A broad Dutch coalition coordinated by the Dutch Association of Potting Soil and Substrates (VPN), including businesses, industry bodies, government, experts, NGOs, civil society and community groups, has set out measures to go further and faster to reduce the environmental impact of horticultural peat.
The move comes in response to a motion in the Lower House of the Dutch Parliament to end the sale of peat for consumer use and examine ways to reduce and possibly remove peat from professional horticulture. This motion, as proposed by Derk Boswijk and Laura Bromet, was signed on 8 July 2021 by 121 MPs.
The parties, which put their signatures to the covenant at Kekilla-BVB’s head office in De Lier on 18 November, agreed to accelerate the use of renewable raw materials, reuse substrates and enable responsible peat extraction. Additionally, a new campaign will inform members of the public about used raw materials and the environmental impact of potting soils.
The coalition announced a set of goals for 2025, 2030 and 2050. For 2025, the objective is to increase the use of renewable raw materials (on average, 35 per cent for peat in professional horticulture, 60 per cent for peat for consumer use) and to double the use of compost to 600,000 m. The coalition partners also agreed on using Responsibly Produced Peat (RPP-certified) only.
For 2030, the target is to level up renewable raw materials. Regarding peat for amateur use, the 2030 target is to use at least 85 per cent renewable raw materials. To set the 2030 goals for professional horticulture, an independent study on raw materials’ availability and environmental impact, planned for next year, will provide more insights and evidence-based outcomes.
For 2050, the objective is to work only with substrates that do not have a negative environmental impact on the supply chain and are CO-neutral. The percentage of renewable raw materials must meet the 90 per cent target by then.
In commenting on the covenant Esther Veldhuis, Director of Vegetable Agro-Chains at the Ministry of Agriculture, Nature and Food Quality, says: “This covenant proves that the horticulture sector wants to hold itself accountable.”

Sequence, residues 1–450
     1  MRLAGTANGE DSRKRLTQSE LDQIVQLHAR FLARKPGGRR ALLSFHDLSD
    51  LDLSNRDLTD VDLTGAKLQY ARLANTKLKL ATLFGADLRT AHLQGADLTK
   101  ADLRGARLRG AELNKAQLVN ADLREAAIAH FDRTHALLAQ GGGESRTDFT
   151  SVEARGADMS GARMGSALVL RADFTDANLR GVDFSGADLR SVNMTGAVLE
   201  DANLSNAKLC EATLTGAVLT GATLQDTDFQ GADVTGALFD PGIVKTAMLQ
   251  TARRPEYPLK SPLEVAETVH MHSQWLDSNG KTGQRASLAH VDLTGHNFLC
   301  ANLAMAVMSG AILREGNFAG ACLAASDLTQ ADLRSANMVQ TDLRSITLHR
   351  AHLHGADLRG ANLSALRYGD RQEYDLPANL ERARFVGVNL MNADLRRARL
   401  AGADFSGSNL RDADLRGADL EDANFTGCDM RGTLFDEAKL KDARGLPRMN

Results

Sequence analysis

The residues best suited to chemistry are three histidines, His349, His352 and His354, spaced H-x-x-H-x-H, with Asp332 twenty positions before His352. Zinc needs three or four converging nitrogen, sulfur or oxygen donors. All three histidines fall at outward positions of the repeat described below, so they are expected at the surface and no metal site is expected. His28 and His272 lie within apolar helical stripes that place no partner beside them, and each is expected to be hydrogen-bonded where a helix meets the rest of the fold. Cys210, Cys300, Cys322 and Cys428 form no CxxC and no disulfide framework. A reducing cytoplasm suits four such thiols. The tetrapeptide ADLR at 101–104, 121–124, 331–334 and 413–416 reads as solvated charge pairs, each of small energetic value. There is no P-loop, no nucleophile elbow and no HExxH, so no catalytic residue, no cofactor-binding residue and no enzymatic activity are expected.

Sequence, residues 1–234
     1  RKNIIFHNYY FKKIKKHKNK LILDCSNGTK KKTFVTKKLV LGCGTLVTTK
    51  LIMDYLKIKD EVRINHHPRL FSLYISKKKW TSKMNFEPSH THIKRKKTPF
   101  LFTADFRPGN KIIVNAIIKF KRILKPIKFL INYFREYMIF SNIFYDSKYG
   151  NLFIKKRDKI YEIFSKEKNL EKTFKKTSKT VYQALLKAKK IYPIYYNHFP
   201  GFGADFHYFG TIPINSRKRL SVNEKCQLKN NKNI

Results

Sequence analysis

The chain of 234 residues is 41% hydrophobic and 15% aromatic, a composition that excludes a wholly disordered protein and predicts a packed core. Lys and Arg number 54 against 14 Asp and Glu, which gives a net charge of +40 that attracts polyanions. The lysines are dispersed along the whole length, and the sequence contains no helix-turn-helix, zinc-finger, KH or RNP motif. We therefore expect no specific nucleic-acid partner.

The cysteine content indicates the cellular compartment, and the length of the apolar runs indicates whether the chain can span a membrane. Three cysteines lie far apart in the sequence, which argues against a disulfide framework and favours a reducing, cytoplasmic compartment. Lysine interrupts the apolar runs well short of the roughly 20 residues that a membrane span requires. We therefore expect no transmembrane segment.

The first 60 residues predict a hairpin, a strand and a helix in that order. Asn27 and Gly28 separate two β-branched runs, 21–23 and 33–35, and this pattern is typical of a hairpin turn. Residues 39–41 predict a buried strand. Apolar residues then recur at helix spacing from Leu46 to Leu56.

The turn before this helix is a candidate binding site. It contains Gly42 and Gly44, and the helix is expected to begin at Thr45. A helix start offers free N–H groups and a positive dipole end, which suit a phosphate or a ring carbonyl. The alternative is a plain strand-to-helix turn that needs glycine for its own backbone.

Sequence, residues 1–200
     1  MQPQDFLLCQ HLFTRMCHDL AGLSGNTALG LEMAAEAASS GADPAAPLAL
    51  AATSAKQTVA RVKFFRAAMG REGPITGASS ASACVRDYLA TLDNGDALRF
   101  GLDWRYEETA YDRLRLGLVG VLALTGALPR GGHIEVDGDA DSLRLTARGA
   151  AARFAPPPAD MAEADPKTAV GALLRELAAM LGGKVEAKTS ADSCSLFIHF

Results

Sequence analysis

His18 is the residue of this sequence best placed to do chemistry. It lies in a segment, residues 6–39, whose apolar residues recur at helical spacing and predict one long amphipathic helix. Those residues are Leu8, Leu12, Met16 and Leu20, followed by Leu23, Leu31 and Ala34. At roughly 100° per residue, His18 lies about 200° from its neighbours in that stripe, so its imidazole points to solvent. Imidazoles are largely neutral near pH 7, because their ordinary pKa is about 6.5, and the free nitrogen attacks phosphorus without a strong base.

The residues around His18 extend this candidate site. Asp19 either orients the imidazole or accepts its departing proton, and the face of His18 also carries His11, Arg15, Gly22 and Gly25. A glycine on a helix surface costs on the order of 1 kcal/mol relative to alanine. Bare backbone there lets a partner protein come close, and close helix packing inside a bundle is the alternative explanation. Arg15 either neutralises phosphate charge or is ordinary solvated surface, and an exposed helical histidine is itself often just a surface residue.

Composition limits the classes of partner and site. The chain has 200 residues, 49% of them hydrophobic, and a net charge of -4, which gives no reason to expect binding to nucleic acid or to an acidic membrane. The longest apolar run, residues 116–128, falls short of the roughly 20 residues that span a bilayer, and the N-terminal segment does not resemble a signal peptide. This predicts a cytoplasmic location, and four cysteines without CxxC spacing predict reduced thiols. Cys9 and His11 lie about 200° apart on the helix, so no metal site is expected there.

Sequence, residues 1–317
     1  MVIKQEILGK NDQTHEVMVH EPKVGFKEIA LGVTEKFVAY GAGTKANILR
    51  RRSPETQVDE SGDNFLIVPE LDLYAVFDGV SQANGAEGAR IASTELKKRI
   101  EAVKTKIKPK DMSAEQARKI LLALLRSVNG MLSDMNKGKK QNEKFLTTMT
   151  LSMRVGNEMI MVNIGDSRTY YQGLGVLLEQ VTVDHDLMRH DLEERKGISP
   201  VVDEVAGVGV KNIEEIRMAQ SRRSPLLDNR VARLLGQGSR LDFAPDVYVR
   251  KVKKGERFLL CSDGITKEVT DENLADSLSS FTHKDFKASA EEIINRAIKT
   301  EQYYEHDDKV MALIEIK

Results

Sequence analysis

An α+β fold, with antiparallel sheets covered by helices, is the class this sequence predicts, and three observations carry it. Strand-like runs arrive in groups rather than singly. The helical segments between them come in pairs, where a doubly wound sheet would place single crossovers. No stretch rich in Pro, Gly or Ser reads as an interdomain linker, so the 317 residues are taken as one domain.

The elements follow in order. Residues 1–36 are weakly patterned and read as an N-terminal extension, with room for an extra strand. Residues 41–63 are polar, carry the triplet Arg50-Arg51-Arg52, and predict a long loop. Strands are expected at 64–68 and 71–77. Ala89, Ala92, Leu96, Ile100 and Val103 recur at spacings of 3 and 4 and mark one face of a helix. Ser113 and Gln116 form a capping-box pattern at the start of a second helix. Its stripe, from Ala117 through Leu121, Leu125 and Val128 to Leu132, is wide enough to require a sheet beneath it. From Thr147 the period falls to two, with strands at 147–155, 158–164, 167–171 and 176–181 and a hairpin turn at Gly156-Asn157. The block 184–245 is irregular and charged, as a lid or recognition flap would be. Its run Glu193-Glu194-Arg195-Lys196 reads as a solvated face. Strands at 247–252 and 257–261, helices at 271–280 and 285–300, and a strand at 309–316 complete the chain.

Ted Vollebregt, chairman of VPN, welcomes the covenant as it brings different value chain members together to shape a peat transition based on a shared vision.
The joint statement of industry bodies Glastuinbouw Nederland, LTO-Nederland, NFO and Plantum reads, “The composition of the substrate is crucial for the healthy growth of plants and growing mushrooms. Healthy growth, in turn, is the basis of plant resilience. A resilient plant can withstand pests and diseases more easily, a basic requirement for our growers. Peat suppliers face huge challenges in developing useful alternatives, while growers need to adapt their cultivation systems, including fertilisation and watering. The developments and possibilities of substrate alternatives vary per crop. For some crops, alternatives are not yet readily available in the upper layer when growing mushrooms.”
Philipp Gramlich of the Peat Free Foundation says: “The protection and restoration of peatlands are crucial for a liveable future for our children.”
The Dutch substrate sector comprises about 20 leading companies that together produce about 8 million m2 of potting soil and substrate per year, with peat as the main ingredient.
With an 80 per cent share, peat products are predominantly used in the professional market (food production, ornamental horticulture) and in the consumer market (20 per cent), where they sell as bagged potting soil.
The covenant is signed by The Minister of Agriculture, Nature and Food Quality, The Minister for Climate and Energy, The Association of Potting Soil and Substrate Manufacturers of the Netherlands, LTO-Nederland’s Paddenstoelenteelt Vakgroep, LTO-Nederland’s Vakgroep Bomen, vaste Planten en Zomerbloemen, Glastuinbouw Nederland, Plantum, Tuinbranche Nederland, Branchevereniging voor Organische Reststoffen, The Association of Wholesalers in Floricultural Products, Association of Flower Auctions, Dutch Fruit Growers Organisation, RHP Foundation, RPP Foundation and the Peat Free Foundation.
This story was first featured in FloraCulture International in December 2022.